Cybersecurity Threats Loom as Financial Institutions Focus on Customer Convenience

Executive Summary

In today’s hyper-competitive banking and financial services industry, the rapid creation of innovative digital experiences is priority one, right? Well, not so fast. With valuable assets on the line, you need to balance customer convenience with security to protect your organization’s data and infrastructure.

The Need for Heightened Security

 If your organization is accelerating the development of financial services applications, you’re not alone. Cloud efficiency gains and growing customer demand for convenience is prompting many financial institutions to rev up their digital transformation—exposing potential security vulnerabilities in the process.

As malicious cyber actors present a growing threat, the pressure is on to ensure security at every stage of the application lifecycle. The COVID-19 pandemic has highlighted the need for heightened security as cybercriminals exploit increased use of potentially vulnerable services, such as virtual private networks, to target individuals and organizations.[1]

Adopting A Best-Fit Approach

So what can your organization do to maximize customer convenience in the face of persistent cybersecurity threats? It starts with choosing a best-fit path to innovation based on your velocity to market and ROI goals and your unique security, integration, and scalability challenges.

The goal is to leverage a fast and safe application development environment that supports agile service delivery, while incorporating robust security controls to mitigate your risk of exposure. When properly implemented, the right innovation model, augmented with advanced technology, helps you better protect applications and infrastructure as you meet governance, risk, and compliance requirements.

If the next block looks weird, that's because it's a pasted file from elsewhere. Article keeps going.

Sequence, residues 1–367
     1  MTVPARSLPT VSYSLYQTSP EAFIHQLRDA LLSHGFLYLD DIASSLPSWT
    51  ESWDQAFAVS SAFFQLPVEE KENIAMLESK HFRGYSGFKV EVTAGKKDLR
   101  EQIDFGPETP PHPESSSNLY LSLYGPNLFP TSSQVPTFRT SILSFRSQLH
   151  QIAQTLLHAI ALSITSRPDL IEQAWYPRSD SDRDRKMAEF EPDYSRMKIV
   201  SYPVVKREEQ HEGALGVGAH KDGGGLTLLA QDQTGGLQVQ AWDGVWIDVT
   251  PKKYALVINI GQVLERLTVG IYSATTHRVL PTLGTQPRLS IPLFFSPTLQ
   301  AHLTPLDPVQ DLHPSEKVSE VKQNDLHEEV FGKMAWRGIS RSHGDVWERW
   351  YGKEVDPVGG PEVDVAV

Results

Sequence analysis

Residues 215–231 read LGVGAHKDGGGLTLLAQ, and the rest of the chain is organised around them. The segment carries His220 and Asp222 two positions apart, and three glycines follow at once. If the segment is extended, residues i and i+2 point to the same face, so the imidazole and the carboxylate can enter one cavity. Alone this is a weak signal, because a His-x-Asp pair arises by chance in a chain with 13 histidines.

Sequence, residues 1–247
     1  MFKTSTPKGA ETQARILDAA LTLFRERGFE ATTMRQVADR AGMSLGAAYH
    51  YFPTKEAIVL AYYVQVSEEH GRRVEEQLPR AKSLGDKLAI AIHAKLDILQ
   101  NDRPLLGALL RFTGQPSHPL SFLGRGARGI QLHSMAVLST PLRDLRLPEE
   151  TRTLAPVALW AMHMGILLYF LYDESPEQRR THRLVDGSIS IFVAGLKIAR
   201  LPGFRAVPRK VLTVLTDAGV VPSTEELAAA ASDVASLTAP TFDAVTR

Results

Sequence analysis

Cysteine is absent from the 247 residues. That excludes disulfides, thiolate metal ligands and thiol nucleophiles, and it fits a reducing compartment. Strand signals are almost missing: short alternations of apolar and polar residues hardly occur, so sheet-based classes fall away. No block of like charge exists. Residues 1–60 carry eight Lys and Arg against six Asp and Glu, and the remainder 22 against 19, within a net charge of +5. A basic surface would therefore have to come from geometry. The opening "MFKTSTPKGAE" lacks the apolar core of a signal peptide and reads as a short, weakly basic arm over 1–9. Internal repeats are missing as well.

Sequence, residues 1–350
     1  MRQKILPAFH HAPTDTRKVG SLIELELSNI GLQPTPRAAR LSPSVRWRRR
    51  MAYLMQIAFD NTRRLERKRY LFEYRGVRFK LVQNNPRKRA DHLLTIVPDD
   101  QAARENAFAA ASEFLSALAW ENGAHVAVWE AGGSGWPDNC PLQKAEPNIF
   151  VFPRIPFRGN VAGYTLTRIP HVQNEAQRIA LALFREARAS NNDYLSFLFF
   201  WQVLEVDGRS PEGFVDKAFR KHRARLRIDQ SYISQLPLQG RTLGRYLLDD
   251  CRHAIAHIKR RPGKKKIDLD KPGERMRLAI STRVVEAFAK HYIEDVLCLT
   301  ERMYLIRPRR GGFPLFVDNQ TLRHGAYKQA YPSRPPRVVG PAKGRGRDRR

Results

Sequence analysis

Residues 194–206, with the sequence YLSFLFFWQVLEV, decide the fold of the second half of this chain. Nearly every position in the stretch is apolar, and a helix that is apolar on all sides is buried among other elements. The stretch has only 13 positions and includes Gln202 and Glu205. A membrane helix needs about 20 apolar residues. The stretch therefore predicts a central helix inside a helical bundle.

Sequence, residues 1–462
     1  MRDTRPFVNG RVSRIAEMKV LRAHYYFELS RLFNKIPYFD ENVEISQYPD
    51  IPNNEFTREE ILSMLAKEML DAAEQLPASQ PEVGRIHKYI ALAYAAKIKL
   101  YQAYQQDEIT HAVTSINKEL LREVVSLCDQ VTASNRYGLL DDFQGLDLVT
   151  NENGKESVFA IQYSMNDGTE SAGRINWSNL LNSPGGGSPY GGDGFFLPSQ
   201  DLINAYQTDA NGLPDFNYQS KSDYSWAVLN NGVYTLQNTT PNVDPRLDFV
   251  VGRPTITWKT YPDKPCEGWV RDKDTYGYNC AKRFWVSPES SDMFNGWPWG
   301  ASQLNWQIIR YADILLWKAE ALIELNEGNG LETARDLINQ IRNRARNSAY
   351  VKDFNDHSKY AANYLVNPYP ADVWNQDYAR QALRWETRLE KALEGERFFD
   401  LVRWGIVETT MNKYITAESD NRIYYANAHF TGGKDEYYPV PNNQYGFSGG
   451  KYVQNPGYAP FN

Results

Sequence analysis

Growing customer demand for convenience is prompting many financial institutions to rev up their digital transformation.

Keeping Pace With Security Threats

Cybercriminals are always on the lookout for new ways to compromise critical infrastructure and gain access to personally identifiable information. Financial services organizations remain an especially attractive target due to the value and high profile of the information they handle. By attacking these institutions, bad actors seek to steal sensitive data that can be used to open fake accounts, lines of credit, and more.[2]

F5 Labs analyzed its Security Incident Response Team data from 2017 to 2019 and discovered a significant increase in the number of authentication and distributed denial-of-service (DDoS) attacks. On average, brute force and credential stuffing constituted 41% of all attacks on financial services organizations over the full three-year period. Trending upward, DDoS attacks were the second biggest threat to financial services organizations, accounting for 32% of all reported incidents between 2017 and 2019. On the other hand, use of malware and web attacks, while still persistent threats, are on the decline.